Sunday's game in Seattle (4:05 p.m.-Cincinnati's Local 12) marks the 20*th*opener to be chronicled by Bengals.com. Here are the top five Opening Days we cite for the web site:
5. Sept 9, 2001 at Paul Brown Stadium: Bengals 23, Patriots 17
With second-year back-up quarterback Tom Brady on the sidelines for the last time on Opening Day for the Pats, the Bengals pummel starter Drew Bledsoe for four sacks. The last one locks it up when linebacker Takeo Spikes dumps Bledsoe on the Pats 24 with 1:43 left.
It is about the run game, fueled by running back Corey Dillon's 104 yards on 24 carries as the Bengals rush for 4.8 per while the Bengals hold New England to 3.2. In his Bengals debut, quarterback Jon Kitna, whose March signing benches 1999 first-round pick Akili Smith, outpitches Bledsoe with a 101 passer rating that features five passes to wide receiver Darnay Scott for 104 yards. Scott, who missed all of 2000 with a broken leg, symbolizes a team coming out of the ashes from a 4-12 season.
But who knew that very Pats team would win the Super Bowl five scant months later behind Brady and the Bengals would finish 6-10? What does stand up all year is that Bengals defense, coordinated by current senior defensive assistant Mark Duffner. Their No. 9 finish is the club's lone top ten defensive ranking in the 20 years between the 8-8 team of '89 and the 2009 AFC North champs.
4. Sept 10, 2007 at Paul Brown Stadium: Bengals 27, Ravens 20
In their lone Monday Night opener ever, the Bengals and an electric sell-out crowd of 66,039 supply the national TV audience with one of their best atmospheric home games of all-time in a game that has a little bit of everything against their AFC North rival.
Quarterback Carson Palmer starts the scoring with a 39-yard bomb to Chad Johnson and closes it with a seven-yard TD to T.J. Houshmandzadeh with 8:48 left in the game. That comes just four minutes after future Hall-of-Fame safety Ed Reed pick-sixes Palmer from 62 yards out to give Baltimore a 20-19 lead.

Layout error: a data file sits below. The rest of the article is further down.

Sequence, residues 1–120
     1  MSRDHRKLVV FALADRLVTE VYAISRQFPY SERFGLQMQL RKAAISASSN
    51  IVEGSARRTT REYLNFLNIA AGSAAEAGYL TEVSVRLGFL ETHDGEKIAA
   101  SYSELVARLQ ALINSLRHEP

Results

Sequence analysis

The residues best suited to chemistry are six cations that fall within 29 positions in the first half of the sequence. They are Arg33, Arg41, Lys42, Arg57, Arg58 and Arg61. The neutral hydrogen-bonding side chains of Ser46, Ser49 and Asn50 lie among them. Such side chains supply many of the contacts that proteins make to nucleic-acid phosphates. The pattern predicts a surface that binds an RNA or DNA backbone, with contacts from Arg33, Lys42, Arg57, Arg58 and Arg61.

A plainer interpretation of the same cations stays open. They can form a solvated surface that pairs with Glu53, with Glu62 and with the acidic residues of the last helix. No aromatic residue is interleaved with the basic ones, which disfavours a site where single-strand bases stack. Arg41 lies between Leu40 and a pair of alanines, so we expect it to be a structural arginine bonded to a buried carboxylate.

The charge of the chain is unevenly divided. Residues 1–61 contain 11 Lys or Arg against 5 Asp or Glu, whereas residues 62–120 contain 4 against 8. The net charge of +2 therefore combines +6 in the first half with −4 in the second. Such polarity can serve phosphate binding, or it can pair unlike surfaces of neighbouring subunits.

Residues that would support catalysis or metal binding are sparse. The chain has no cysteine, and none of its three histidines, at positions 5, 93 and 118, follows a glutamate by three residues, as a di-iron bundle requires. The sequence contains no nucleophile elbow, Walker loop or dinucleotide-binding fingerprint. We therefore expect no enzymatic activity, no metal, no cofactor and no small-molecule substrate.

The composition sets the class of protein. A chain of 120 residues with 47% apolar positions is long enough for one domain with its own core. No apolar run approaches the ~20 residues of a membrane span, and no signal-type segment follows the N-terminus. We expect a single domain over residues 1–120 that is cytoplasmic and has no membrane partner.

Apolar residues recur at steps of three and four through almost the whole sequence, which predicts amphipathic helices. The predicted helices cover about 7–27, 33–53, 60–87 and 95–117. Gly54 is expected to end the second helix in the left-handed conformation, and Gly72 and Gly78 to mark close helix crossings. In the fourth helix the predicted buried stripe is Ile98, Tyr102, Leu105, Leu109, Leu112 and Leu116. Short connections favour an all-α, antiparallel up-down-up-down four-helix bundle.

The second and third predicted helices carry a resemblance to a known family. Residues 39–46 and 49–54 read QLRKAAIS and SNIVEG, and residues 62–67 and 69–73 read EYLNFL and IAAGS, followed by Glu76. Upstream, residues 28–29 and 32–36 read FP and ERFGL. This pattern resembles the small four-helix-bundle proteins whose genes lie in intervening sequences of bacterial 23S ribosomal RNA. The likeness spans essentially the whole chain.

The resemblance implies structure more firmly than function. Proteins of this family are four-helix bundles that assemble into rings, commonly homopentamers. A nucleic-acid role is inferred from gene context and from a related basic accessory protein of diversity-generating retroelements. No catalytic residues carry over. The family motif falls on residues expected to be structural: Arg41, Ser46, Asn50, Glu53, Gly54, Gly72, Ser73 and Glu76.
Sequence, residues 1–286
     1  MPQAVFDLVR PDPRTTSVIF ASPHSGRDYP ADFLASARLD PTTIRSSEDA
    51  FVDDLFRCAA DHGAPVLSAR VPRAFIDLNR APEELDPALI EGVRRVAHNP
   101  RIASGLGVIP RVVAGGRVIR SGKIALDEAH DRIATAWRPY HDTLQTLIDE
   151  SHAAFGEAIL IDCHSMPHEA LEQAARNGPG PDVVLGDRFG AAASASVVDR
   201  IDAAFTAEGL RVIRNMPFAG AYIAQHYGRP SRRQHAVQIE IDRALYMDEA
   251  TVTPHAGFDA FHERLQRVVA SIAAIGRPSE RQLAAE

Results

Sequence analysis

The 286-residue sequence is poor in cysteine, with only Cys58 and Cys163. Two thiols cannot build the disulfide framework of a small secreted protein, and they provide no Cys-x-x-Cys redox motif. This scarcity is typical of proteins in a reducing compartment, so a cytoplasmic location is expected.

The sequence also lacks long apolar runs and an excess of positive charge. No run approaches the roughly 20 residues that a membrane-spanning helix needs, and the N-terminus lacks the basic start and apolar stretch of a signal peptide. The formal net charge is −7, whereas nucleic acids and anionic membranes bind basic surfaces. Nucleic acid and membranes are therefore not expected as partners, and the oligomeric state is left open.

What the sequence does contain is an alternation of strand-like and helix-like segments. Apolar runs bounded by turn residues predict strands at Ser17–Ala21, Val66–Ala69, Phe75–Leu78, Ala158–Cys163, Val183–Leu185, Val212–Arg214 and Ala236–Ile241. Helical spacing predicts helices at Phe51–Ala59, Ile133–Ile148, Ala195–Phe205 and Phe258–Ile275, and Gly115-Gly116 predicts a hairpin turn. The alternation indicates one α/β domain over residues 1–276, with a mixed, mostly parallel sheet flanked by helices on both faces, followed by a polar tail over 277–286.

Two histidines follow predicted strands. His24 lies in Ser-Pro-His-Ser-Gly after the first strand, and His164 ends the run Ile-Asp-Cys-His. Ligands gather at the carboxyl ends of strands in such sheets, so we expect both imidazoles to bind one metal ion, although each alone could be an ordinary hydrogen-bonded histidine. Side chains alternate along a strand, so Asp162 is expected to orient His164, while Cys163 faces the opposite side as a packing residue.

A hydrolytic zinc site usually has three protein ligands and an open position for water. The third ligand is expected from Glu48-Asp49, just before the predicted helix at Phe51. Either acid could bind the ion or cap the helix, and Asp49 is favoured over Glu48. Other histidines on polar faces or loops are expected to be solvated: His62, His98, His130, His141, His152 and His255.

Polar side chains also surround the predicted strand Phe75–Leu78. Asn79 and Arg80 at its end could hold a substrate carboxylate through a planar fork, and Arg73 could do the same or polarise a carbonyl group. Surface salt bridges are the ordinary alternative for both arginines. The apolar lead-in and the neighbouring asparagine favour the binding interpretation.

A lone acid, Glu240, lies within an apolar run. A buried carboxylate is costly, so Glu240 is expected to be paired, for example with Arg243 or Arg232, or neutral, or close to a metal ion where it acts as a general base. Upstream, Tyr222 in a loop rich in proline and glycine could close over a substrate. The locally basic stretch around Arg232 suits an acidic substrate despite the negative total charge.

But it is the defense that saves the day. On Baltimore's third snap of the second half, Bengals defensive end Robert Geathers sacks and strips quarterback Steve McNair and linebacker Landon Johnson scoops it up and goes 34 yards for the TD.
Johnson is in the middle of it at the end. On third-and-two from the Ravens 2 with 1:13 left and PBS maybe as loud as it's ever been, Kyle Boller, who has replaced McNair, goes for tight end Todd Heap. The ball deflects off Heap and bangs off Johnson before ending up in the arms of defensive tackle Michael Myers in the end zoned to end it.
3. Sept. 11, 2016 at Met Life Stadium: Bengals 23, Jets 22
A day after attending the 9/11 memorial in the heart of New York City, the Bengals walk into a somber flag-draped stadium honoring the 15th anniversary of the Twin Towers attacks and pull out a come-from-behind victory on Mike Nugent's 47-yard field goal with 58 seconds left.
It is also the fifth anniversary of the first NFL game for wide receiver A.J. Green and quarterback Andy Dalton. And fittingly it is all Green and Dalton. Green dominates perennial Pro Bowl cornerback Darrelle Revis on 12 catches for 180 yards against man-to-man coverage that is unfair and Dalton stands up in the face of seven career-high sacks to throw for 366 yards.